Searchable abstracts of presentations at key conferences in endocrinology
Endocrine Abstracts (2011) 25 P248


Thyroid function in patients with pituitary disease: difficulties of individualisation

Ahmed El-Laboudi1,2, Julie Lynch1,2, Paul Baxter1,2, Julian Barth1,2 & Robert Murray1,2


1Teaching Hospitals NHS Trust, Leeds, West yorkshire, UK; 2University of Leeds, Leeds, West Yorkshire, UK.

Introduction: Identification and treatment of central hypothyroidism in hypopituitarism is crucial particularly in patients with significant lethargy under consideration for GH replacement. Early Identification of TSH deficiency can be challenging particularly when both the TSH and fT4 lie within the normal range.

Methods: 26 362 TFTs derived from ambulatory community dwelling individuals represented the control group. TFTs from 227 patients with a putative or established insult to the hypothalamo-pituitary axis were studied; 145 from patients with central hypothyroidism on levothyroxine replacement and 82 samples from patients with hypopituitarism without a diagnosis of central hypothyroidism.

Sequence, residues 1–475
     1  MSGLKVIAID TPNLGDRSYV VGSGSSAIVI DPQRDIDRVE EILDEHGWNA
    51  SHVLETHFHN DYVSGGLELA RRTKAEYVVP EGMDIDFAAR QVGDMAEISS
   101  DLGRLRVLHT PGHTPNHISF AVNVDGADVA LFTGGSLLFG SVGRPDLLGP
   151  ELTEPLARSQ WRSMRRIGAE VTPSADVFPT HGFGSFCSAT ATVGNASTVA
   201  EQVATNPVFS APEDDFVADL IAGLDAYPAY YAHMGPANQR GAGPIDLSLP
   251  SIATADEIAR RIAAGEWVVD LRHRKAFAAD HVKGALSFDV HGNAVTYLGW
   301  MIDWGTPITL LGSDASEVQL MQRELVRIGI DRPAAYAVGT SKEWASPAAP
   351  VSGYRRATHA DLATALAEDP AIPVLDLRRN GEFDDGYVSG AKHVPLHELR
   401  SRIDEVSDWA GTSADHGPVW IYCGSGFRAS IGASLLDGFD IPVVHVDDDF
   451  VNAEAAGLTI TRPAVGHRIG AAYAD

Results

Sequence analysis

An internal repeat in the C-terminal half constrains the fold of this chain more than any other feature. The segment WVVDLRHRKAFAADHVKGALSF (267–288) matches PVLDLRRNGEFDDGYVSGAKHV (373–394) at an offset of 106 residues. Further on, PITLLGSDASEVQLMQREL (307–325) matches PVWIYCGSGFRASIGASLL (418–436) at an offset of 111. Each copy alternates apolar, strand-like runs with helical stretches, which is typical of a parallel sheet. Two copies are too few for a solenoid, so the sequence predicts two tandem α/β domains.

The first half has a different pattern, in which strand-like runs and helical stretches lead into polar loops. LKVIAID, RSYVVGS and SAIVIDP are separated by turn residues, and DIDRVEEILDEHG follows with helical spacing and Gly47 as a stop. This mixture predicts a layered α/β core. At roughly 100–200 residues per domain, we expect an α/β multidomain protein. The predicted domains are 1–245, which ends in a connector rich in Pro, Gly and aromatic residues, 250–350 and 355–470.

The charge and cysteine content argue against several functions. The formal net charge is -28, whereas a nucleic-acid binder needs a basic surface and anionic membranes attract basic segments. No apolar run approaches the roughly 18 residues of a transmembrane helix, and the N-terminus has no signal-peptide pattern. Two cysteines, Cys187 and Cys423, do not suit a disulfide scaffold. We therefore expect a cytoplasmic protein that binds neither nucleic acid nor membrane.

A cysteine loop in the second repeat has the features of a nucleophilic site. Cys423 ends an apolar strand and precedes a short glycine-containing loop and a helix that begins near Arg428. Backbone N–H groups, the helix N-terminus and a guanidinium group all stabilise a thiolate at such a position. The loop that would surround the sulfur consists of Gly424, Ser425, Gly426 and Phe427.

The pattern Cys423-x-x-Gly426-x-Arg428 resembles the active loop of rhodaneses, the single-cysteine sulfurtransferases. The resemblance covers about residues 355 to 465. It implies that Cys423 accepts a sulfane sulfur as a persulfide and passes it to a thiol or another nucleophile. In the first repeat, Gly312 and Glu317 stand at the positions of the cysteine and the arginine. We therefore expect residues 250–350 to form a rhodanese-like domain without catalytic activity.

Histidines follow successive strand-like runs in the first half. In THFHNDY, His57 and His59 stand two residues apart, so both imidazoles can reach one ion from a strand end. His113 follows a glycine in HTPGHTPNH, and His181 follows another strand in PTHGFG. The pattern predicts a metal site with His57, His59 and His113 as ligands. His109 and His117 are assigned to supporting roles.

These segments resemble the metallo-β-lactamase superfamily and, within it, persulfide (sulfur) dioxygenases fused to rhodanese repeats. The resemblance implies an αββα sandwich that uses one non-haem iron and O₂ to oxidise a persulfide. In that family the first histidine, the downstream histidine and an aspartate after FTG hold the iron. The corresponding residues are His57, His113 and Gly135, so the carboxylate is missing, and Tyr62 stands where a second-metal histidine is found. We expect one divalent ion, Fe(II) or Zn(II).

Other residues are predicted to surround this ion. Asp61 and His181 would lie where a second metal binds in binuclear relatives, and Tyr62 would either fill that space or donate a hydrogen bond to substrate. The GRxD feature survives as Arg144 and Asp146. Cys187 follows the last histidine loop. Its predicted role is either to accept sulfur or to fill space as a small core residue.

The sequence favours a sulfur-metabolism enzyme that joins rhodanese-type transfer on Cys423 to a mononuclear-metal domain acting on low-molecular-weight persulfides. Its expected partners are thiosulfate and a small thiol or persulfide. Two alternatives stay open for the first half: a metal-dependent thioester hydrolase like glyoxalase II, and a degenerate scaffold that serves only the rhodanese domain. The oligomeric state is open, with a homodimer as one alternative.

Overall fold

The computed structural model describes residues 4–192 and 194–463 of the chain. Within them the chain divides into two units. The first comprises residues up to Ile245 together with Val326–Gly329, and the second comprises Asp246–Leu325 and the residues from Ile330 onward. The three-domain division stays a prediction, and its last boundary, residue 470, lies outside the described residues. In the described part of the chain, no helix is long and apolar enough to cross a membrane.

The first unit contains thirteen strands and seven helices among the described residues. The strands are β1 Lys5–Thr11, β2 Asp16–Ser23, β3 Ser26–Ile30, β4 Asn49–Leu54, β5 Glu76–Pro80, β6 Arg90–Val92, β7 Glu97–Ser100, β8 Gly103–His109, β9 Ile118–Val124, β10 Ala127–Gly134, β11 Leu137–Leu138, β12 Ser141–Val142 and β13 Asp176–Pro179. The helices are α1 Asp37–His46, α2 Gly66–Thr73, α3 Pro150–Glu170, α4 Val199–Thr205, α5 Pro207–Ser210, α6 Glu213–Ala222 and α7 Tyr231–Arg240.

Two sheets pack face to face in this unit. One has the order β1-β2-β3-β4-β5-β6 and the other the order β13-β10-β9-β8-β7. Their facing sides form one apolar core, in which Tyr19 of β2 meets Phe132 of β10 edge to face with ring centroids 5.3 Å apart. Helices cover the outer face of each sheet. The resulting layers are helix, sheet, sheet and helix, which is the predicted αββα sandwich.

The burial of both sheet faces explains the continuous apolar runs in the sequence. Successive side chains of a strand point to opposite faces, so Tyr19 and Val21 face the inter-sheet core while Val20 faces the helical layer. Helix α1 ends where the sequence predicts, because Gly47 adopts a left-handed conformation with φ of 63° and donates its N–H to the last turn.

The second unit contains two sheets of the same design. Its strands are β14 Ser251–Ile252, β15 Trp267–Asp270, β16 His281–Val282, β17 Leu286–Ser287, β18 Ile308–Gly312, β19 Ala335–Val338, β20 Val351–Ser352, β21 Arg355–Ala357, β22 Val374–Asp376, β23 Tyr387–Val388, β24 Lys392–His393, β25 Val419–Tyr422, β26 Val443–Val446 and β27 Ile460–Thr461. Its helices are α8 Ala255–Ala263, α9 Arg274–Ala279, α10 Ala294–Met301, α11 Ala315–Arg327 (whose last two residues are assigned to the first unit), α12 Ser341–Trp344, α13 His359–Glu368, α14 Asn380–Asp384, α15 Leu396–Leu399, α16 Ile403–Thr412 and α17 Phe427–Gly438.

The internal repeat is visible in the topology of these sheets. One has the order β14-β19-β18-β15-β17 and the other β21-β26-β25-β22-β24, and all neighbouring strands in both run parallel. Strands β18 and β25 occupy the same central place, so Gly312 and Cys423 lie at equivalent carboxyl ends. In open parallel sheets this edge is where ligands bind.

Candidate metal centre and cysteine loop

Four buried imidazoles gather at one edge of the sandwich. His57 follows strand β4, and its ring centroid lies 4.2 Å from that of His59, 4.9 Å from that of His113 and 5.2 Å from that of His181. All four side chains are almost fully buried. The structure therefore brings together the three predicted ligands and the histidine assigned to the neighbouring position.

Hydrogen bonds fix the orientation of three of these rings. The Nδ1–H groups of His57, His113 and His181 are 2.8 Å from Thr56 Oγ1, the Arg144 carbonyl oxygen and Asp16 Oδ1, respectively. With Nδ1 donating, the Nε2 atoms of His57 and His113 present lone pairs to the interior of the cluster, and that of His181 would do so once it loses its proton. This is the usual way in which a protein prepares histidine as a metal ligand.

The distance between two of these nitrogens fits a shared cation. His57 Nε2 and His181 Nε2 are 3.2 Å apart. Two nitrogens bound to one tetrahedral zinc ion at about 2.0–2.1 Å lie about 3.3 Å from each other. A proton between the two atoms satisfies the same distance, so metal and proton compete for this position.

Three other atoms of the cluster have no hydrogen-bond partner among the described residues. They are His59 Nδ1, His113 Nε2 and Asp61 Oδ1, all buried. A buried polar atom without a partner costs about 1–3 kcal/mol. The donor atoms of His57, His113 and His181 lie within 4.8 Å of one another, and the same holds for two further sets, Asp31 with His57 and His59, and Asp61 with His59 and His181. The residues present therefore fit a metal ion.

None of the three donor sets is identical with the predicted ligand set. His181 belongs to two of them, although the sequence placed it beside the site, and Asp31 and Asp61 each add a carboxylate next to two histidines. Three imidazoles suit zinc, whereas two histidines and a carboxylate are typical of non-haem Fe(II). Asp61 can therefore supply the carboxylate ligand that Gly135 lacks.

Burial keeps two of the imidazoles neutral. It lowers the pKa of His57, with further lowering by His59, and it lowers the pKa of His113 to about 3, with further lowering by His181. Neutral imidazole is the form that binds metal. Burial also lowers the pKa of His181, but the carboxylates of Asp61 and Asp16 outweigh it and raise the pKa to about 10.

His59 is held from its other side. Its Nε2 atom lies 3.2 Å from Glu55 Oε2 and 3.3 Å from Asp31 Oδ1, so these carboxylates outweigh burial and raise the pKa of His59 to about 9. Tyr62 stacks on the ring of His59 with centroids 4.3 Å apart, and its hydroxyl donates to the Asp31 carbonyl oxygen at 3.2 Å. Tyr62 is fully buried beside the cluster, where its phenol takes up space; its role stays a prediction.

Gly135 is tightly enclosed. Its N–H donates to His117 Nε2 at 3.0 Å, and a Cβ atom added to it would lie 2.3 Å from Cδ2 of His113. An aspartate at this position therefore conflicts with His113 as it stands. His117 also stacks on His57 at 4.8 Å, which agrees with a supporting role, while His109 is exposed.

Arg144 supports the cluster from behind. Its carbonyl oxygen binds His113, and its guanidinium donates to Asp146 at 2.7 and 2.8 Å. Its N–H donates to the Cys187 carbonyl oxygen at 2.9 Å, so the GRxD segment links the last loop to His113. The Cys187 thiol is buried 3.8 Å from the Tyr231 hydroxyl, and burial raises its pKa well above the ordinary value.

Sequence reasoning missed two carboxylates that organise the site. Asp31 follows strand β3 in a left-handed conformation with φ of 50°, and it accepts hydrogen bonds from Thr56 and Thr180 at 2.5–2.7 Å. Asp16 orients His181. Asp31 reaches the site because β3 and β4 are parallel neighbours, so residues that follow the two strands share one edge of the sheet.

Results: Median fT4 (5th and 95th percentiles) value for the control group was 14.3 (10.9–19.5) pmol/l. Hypopituitary patients without a formal diagnosis of secondary hypothyroidism showed median fT4 13.1 (9.5–16.5) pmol/l, significantly lower than in the control group (P<0.001). Of these individuals 11% showed fT4 levels below the 5th percentile of the control group. Graphically, a left shift of the fT4 distribution curve was observed in this subgroup. The degree of hypopituitarism, defined by the number of pituitary hormone deficits, had no effect on the median fT4 level within this subgroup. In hypopituitary patients with a diagnosis of secondary hypothyroidism, and established on levothyroxine replacement, the median fT4 was 16.3 (11.1–23.7) pmol/l representing significantly higher values than observed in the control group (P<0.001). Graphically, the distribution curve for these individuals showed a wider base and lower peak frequency.

Conclusion: These data suggest that a subtle decrease in fT4 is present in a relatively large proportion of patients who receive a putative insult to the hypothalamo–pituitary axis. In the majority of these individuals fT4 values remain well within the normative range. Furthermore, examination of fT4 values of patients on levothyroxine shows difficulties with placement of the fT4 and potential over-treatment in a number of individuals.

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